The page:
NASA astronomers reported the first undoubtedly rocky planet outside our solar system at an astronomy meeting Monday, lifting expectations that planets with rocky cores like Earth fill many alien solar systems.
The planet identified by the Kepler space telescope, announced by mission team member Natalie Batalha of San Jose (Calif.) State University, crowns a recent series of discoveries of "exoplanets" close in size to Earth.
"Sometimes great scientific discoveries come at the end of a long and pointed search," said astronomer Geoff Marcy of the University of California, Berkeley, a pioneer in the ongoing planet-discovery boom. "This planet will go into astronomy textbooks worldwide."
Dubbed Kepler-10b, the newly announced planet orbits a sun-like star 560 light-years away (a light-year is about 5.9 trillion miles). It is 1.4 times as wide as Earth and is 4.6 times as heavy, making it about as dense as iron. Orbiting only 1.8 million miles from the surface of its star, the planet suffers blast-furnace temperatures of 2,500 degrees or more on its daytime face, "far in excess of the temperatures of molten lava," said Batalha, erasing any chances of life there. "The planet is literally glowing," she said.
Still, planetary scientists expect that planets with rocky cores are more likely to have oceans and support conditions for life, like Earth.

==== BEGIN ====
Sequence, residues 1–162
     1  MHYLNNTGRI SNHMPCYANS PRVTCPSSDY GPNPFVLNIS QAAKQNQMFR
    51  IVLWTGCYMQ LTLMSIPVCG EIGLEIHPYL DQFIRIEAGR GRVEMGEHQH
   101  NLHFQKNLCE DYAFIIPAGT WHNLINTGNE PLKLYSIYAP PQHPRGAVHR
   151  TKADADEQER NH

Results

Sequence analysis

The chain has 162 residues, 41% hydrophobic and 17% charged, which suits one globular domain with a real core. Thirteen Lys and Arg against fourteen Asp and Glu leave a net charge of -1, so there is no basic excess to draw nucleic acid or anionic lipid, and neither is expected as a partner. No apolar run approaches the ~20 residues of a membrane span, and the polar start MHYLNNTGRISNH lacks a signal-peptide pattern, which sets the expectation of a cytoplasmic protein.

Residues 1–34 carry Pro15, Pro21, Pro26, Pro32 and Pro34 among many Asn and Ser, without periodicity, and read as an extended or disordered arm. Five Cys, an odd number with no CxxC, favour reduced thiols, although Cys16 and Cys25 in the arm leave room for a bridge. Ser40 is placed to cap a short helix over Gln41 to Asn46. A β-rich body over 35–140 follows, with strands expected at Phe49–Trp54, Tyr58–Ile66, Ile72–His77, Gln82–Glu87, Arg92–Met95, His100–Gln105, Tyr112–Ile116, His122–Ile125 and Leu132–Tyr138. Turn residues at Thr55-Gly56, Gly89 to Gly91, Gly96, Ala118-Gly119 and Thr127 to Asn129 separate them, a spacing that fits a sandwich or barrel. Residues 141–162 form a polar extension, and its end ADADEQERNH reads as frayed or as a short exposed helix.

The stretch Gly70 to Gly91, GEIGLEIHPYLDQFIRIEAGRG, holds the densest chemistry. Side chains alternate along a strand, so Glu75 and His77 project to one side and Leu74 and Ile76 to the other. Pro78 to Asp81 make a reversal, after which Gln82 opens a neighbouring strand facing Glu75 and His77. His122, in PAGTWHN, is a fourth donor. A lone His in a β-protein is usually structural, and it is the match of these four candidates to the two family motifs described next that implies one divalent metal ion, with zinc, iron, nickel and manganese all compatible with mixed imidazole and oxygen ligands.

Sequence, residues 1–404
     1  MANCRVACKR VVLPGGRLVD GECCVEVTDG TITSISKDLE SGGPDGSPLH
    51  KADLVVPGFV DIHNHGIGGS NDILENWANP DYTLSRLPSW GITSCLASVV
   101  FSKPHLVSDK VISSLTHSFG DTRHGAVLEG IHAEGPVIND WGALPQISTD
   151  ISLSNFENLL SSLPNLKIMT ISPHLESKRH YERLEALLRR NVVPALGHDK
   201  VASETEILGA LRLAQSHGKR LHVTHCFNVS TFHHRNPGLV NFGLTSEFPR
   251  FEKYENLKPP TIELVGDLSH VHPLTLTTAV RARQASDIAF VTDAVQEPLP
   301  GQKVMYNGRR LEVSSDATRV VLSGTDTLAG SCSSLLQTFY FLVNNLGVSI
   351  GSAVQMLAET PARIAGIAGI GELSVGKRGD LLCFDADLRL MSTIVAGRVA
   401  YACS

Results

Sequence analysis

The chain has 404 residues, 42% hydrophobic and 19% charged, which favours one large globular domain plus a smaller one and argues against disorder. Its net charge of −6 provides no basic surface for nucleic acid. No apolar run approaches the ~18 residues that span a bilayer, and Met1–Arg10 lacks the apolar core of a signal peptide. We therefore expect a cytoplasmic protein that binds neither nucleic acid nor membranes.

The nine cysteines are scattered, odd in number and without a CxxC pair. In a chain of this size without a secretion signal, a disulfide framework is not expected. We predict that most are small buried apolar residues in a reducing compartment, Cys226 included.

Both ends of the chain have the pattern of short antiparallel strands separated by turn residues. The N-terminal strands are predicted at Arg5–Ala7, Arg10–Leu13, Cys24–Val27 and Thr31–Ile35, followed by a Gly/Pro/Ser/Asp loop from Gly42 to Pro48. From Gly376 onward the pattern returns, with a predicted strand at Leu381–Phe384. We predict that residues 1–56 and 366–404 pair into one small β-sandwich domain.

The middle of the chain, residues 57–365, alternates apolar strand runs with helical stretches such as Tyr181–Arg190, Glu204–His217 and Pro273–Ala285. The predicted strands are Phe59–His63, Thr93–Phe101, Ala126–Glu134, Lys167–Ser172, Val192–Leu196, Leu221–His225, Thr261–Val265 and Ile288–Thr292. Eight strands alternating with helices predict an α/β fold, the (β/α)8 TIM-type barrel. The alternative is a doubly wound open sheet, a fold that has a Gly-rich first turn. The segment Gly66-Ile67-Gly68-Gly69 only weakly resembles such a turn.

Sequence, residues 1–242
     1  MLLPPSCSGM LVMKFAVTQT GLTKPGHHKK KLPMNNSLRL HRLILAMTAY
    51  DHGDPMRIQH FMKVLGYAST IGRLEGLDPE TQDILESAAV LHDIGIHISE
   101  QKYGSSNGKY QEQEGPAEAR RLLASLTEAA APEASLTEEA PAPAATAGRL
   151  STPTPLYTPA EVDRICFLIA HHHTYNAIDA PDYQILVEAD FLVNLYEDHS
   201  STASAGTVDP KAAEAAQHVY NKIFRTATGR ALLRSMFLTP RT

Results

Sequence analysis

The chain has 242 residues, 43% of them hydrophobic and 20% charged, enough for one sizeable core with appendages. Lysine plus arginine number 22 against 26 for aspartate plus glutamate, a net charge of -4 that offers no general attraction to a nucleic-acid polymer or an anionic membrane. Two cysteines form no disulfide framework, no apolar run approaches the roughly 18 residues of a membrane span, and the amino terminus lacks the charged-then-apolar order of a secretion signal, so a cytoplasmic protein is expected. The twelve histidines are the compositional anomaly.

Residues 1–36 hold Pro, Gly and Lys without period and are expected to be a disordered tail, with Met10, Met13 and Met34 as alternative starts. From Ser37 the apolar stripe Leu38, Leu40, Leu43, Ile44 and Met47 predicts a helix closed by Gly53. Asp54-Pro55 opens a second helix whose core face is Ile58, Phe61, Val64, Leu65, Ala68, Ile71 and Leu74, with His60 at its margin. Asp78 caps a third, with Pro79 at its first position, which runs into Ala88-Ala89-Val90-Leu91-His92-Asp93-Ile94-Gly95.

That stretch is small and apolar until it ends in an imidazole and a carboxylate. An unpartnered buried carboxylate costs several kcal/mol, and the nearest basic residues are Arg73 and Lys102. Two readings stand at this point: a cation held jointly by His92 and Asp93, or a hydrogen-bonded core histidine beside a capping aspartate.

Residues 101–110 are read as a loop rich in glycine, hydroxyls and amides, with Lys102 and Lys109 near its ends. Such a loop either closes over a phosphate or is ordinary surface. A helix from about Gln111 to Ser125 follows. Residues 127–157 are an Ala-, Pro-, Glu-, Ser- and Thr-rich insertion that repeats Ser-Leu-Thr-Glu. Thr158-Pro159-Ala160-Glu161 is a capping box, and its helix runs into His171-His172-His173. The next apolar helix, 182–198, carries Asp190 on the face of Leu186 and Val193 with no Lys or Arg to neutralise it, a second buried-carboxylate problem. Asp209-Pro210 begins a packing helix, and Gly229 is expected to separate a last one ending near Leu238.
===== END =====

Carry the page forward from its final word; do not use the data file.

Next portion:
Astronomers have discovered about 500 planets orbiting nearby stars, as well as a few very small ones orbiting distant "pulsar" stars, in the last two decades. In recent years, better detection methods have allowed them to home in on smaller planets, such as one announced by a French team two years ago perhaps five times heavier than Earth, and one announced last fall by a University of California, Santa Cruz, team that may have been only three times heavier. Questions have continued, however, about whether those worlds have rocky cores like Earth's, unlike Kepler-10b.
"Without question, this is a rocky world," Batalha said. The $600 million Kepler spacecraft, launched in 2009 and based at NASA Ames Research Center at Moffett Field, Calif., relies on a wide-field camera capable of looking at 170,000 stars at once within 3,000 light-years of Earth. The spacecraft watches for regular drops in light from those stars, triggered by planets orbiting in front of them. Kepler-10b was spotted this way in 2009.
Combined with measures of the gravitational "wobble" the planet induces on its star, this dimming revealed the size and weight of the planet conclusively, reports the team in an upcoming Astrophysical Journal study.
"The ultimate goal is to find a habitable world," said Marcy, who is not part of the study team. He called Kepler-10b a "missing link" between past astronomical discoveries of gas giant planets and the discovery someday of a habitable planet like Earth.
Kepler has more discoveries coming. In February, the team will report a catalog of possible planets discovered from its most recent data.